Our Blog

08 May 2009

I’m An Internet Celebrity Because Google Says So!

If you’ve Googled your name in the past few weeks then you’ve likely seen the changes to the SERPs. Profiles with corresponding images are now shown at the bottom of search results; up to four profiles are shown. The search result includes your Google profile listing, and gives you a one-click search option to find the person in question on MySpace, Facebook, Classmates, and LinkedIn.

"When searching for yourself to see what others would find, results can be varied and aren’t always what you want people to see — whether it’s someone else with your name, or the finishing time from that 5K you ran back in 2002. We want to make that better and give you more of a voice," says Google’s Brian Stoler.
 
Branding yourself, not only your business, has been made easier with Google’s recent change. Over night celebrities, like this fall’s Joe the Plumber, could have likely benefited from Google’s change. When curiosity seekers tried to find more about Joe the Plumber, they’d likely Google his name, and they would have probably come across his social networking pages. The voyeuristic tendencies we all have would have led us to peruse his social profiles, friend him, and maybe leave a joking remark on one of his pages. Overnight, Joe the Plumber could have feasibly had insta-celebrity status on Facebook, MySpace, Classmates, and LinkedIn. Before the change, he would have had to plan a full fledge social media marketing campaign to provide the same results.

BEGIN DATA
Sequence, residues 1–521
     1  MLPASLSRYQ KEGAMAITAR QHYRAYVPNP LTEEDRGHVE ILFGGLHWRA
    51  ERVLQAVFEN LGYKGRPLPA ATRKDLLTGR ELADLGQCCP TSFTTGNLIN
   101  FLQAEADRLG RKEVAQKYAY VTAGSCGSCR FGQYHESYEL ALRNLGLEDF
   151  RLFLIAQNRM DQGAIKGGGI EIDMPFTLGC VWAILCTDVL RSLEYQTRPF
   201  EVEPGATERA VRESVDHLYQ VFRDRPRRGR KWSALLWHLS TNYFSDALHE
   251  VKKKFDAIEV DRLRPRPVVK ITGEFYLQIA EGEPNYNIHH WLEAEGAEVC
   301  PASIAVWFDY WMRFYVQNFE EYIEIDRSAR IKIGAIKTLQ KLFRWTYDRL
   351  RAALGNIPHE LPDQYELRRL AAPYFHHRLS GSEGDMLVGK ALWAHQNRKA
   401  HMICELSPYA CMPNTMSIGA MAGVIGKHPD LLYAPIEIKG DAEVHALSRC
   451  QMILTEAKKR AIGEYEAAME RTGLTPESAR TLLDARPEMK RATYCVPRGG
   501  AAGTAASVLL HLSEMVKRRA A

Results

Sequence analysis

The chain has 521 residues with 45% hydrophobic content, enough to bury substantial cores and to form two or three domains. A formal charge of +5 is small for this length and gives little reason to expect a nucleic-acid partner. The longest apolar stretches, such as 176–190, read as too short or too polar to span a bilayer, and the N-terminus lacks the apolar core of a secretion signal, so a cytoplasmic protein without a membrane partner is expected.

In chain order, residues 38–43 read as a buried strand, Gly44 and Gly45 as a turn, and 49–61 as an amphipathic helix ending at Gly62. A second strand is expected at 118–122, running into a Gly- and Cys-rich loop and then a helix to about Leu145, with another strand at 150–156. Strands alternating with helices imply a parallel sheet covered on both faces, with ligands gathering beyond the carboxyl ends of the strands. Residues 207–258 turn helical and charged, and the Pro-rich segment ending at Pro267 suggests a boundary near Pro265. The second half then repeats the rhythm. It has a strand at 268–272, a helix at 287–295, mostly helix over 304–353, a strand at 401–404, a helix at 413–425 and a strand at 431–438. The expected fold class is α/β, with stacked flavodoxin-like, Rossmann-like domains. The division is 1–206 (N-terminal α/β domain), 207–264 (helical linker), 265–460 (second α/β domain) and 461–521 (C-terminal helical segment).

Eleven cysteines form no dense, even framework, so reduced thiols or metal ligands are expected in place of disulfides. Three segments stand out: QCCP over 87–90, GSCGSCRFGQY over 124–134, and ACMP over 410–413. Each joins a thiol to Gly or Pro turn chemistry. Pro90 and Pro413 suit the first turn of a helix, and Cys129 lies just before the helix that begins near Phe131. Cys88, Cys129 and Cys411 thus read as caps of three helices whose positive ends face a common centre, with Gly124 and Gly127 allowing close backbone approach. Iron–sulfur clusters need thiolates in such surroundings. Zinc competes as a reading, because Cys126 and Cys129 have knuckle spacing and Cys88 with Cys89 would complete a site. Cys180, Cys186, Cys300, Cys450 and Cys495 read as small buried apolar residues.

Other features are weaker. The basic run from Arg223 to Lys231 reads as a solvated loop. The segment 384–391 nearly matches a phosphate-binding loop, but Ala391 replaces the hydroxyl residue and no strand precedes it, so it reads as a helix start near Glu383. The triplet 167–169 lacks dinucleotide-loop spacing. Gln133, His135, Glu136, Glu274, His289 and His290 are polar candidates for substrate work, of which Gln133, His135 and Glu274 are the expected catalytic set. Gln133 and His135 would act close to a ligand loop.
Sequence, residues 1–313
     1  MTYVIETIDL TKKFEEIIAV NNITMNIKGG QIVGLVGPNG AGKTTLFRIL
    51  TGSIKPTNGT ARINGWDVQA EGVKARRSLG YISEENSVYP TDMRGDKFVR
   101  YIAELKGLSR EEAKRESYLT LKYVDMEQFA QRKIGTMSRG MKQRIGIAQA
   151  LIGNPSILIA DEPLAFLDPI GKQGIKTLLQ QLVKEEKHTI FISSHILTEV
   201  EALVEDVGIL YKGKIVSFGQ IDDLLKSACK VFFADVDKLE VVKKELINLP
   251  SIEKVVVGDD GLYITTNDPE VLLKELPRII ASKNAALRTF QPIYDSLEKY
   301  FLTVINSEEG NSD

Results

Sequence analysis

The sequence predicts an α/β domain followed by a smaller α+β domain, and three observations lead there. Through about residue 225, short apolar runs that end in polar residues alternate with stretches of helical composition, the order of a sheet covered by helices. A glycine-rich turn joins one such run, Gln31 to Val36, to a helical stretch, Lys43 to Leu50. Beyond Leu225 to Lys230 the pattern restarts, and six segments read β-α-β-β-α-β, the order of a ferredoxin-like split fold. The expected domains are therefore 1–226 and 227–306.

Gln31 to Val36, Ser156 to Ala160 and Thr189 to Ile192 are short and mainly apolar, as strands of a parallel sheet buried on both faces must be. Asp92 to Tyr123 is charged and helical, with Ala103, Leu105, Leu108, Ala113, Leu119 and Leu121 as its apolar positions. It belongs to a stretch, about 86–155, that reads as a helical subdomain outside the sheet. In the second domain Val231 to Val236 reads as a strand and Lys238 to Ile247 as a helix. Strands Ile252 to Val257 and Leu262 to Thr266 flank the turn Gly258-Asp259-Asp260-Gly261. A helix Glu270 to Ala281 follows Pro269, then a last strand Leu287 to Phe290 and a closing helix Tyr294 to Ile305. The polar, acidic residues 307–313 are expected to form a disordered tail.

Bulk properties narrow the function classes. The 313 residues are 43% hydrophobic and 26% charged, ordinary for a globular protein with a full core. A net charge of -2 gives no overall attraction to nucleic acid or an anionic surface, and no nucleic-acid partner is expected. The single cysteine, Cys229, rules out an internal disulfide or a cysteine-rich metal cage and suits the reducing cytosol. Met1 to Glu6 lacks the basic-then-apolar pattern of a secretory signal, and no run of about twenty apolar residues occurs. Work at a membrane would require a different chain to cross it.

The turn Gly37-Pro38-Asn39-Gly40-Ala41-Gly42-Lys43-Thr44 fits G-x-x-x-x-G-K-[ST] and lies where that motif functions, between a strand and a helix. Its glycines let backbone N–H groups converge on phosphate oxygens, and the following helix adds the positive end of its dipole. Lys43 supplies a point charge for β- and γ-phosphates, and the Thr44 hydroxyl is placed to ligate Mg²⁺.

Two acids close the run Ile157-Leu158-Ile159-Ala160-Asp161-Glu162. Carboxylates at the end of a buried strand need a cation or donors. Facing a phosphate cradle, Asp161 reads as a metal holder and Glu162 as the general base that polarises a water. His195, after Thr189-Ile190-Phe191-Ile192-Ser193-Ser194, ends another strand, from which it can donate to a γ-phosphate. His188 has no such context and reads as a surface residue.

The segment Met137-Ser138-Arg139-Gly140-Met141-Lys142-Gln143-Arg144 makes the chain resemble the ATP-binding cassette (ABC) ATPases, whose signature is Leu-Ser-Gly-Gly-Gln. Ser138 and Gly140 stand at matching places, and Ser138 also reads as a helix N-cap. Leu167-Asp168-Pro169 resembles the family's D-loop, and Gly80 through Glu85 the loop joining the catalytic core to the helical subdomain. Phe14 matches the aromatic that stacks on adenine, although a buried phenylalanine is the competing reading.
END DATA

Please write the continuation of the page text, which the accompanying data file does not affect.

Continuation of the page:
Wouldn’t you rather be prepared in advance for your one in a million chance at overnight internet stardom? Well, for some of you that is. Check out Barry Schwartz’s listing below. His profile only comes up when searching for "Barry Swartz", a misspelling of his name. This is because his name, spelled correctly, is shared with several others. So if you have a very common name, be forewarned that your insta-celebrity status might be compromised.
 
The constant shift in Google’s algorithms to allow for weighting of social media pages, like I wrote about a few weeks ago, is proof positive that social media is where it’s at. It also tells me I should be a little more cautious with those comments and surveys I do on Facebook and MySpace!
 
Google your name, what results did you find? Our friends David Wallace, Chris Hooley, and Barry Schwartz are listed below, along with Arnie and my smiling face.
 
search result photos